The first hour of Parasite has the forward-barreling energy of a delirious heist comedy as the Kims work together to engineer their takeover of the wealthy family’s home and fortune. After a wild party scene at the midway point—while the Parks are away on a camping trip, the Kims gather in their living room to drink their liquor and raid their well-stocked fridge—a shocking twist places both families in a different light and forces the Kims to confront an entirely new set of practical and ethical problems.
The second half of the movie opens up in scope, beginning with a spectacularly staged natural disaster that leaves the Kims’ run-down alley (according to the director, a set built in a water tank) neck-deep in black sewage water. Soon after, the secrets both families have been hiding, plus other secrets previously unknown to them both, threaten to come to light in a cataclysm of long-deferred and thrillingly orchestrated violence.
That’s about all you should know about Parasite going in, the better to appreciate Bong’s economy in revealing, detail by detail, exactly what he wants you to know when he wants you know it. This isn’t the kind of class allegory that sets up one group of characters as an easy foil for the other. As oblivious and exploitative as the overprivileged Parks can be, they’re also a real family with desires and dysfunctions all their own. Bong is especially acute at dissecting the patriarchal dynamics at work in the rich family, where the mother’s sheltered existence and financial dependence on her tech-tycoon husband make her an easy target for scammers like the Kims. The critique of capitalism that emerges over the course of Parasite’s story is broad, deep, and, as the movie ends, painfully unresolved. There’s no turnabout-is-fair-play satisfaction to be found in the Kim family’s reversal of fortune, only the exposure of a system that pits families and individuals against each other in a pitiless zero-sum competition for dwindling resources.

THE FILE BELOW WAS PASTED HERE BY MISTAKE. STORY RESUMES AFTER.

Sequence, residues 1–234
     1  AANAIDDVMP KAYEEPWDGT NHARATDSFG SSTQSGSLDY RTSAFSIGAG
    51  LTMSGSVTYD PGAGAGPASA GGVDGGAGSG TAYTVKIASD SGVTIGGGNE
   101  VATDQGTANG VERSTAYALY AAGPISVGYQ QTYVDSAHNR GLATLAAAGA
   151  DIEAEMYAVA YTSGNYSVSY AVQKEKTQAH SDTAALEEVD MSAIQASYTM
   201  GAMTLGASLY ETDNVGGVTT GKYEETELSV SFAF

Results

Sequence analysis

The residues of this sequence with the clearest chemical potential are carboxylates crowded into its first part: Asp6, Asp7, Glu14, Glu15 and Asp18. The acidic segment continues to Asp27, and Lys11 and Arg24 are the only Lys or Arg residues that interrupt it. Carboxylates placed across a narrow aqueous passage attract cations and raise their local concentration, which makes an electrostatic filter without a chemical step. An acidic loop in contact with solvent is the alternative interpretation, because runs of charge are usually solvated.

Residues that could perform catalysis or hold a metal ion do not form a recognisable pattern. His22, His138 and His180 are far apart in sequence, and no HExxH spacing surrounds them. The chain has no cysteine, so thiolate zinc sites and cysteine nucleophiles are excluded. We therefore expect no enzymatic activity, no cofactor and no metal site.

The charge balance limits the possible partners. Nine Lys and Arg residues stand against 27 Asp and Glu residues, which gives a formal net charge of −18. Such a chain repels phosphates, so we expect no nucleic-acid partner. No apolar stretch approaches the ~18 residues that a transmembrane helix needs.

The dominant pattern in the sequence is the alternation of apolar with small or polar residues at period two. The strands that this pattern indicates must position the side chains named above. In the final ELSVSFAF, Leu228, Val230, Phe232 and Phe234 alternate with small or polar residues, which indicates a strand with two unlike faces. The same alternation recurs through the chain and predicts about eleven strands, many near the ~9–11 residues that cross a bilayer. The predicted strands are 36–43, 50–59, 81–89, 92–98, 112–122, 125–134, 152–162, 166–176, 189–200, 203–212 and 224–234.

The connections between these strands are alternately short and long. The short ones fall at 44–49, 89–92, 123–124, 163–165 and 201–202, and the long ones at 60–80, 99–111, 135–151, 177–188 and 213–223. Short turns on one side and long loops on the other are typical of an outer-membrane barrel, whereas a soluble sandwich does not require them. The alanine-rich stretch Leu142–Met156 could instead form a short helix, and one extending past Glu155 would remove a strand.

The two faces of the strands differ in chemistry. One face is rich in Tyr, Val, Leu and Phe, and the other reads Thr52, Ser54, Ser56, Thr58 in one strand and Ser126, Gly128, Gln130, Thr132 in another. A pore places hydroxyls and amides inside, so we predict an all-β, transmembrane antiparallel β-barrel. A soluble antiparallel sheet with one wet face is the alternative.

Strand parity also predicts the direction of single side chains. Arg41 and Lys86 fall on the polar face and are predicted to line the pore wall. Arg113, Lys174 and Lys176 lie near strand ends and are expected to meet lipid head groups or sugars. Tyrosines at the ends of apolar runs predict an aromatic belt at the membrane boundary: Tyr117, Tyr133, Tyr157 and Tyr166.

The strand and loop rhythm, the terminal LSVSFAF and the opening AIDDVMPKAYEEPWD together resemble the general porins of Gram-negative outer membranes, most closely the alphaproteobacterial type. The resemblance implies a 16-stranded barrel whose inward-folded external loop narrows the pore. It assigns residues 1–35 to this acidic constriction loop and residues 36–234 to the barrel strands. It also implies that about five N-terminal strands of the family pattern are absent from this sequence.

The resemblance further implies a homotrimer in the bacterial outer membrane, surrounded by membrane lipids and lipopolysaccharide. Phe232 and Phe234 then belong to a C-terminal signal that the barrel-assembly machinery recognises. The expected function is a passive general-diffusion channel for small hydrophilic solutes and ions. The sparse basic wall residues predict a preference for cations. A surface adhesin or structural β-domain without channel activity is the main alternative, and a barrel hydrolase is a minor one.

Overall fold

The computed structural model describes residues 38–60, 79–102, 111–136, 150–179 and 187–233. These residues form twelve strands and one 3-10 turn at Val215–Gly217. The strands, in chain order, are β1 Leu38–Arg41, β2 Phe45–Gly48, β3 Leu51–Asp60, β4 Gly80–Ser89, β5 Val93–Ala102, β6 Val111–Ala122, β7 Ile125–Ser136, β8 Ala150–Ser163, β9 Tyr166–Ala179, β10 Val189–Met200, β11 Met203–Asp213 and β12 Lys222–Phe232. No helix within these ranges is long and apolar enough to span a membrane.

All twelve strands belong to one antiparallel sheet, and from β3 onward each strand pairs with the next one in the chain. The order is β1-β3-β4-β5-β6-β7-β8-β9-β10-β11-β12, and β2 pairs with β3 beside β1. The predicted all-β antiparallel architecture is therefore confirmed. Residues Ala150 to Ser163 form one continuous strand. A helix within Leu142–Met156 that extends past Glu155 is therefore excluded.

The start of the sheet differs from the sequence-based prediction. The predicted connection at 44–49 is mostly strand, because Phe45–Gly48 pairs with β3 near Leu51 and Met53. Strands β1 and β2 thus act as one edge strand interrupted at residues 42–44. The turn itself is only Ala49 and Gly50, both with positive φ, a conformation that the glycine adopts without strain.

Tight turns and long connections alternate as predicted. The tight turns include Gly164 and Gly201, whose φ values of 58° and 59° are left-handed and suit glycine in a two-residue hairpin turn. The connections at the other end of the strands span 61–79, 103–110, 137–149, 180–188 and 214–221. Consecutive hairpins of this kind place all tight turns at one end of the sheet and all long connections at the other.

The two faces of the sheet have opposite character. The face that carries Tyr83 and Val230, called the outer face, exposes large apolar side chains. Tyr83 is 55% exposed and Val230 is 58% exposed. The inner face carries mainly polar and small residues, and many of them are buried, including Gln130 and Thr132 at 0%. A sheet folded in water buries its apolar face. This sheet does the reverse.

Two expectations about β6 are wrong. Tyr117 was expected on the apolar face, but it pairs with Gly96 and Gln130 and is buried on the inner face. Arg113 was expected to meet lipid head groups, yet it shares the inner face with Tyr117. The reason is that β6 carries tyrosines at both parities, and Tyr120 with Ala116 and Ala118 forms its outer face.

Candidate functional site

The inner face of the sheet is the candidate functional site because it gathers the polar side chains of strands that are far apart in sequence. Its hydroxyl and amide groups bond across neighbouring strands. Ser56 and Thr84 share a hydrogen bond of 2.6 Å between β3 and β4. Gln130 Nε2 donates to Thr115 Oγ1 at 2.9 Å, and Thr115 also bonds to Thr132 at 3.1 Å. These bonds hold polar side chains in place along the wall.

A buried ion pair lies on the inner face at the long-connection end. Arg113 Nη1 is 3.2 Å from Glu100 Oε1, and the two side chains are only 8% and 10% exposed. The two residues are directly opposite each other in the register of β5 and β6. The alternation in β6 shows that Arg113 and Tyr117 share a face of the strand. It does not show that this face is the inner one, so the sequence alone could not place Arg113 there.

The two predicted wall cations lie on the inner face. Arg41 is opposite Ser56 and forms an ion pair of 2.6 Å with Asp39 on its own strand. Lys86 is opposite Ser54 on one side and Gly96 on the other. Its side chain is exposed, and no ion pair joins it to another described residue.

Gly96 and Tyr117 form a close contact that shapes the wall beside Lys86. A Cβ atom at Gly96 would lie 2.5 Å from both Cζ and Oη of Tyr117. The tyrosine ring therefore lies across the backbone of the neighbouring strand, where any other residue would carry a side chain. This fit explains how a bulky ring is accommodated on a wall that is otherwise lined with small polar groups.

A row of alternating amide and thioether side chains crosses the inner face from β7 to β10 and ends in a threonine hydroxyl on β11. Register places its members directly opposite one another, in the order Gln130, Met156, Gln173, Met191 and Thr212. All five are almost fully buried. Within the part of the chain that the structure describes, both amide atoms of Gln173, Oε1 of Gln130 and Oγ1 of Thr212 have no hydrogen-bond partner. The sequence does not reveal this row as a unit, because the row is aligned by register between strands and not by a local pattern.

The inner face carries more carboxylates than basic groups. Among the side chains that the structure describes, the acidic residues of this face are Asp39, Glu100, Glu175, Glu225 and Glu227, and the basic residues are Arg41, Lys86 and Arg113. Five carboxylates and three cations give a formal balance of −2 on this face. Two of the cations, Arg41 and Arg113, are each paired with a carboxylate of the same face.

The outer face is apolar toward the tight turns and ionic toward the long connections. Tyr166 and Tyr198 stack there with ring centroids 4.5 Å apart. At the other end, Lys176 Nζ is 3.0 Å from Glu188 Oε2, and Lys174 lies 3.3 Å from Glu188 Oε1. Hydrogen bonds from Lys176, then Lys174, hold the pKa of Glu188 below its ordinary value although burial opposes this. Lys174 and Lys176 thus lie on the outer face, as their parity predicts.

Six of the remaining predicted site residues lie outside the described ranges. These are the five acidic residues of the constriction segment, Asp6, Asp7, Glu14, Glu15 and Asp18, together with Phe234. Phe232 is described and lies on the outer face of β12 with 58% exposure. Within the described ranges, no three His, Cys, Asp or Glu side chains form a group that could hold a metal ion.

Like several earlier Bong Joon-ho films (The Host, Snowpiercer, Okja), Parasite works on one level as an ecological allegory. The Parks’ elegant, expensively maintained home and garden is a kind of aspirational Eden, but one whose luxury comes at immense hidden cost. With its tale of two interdependent but far from equal families, each with one son and one daughter, Parasite also can’t help but recall a great American film from earlier this year, though it was in production long before Jordan Peele’s Us was released. (It was first shown in May at Cannes, where it won the Palme d’Or, making Bong the first Korean director to win the festival’s top prize.) The theme of the double, so intelligently deconstructed in Us (where the family of “evil twins” turns out to be as worthy of our sympathy as the regular family they seek out and stalk), here undergoes a further transformation. By the end of Parasite, the audience is uncomfortably aware of our complicity with an economic system that allows such deep class divisions to rule our lives and structure our everyday interactions. Our hearts break for the Kims and the Parks—but not before Bong puts those hearts through their paces with a pulse-pounding action finale.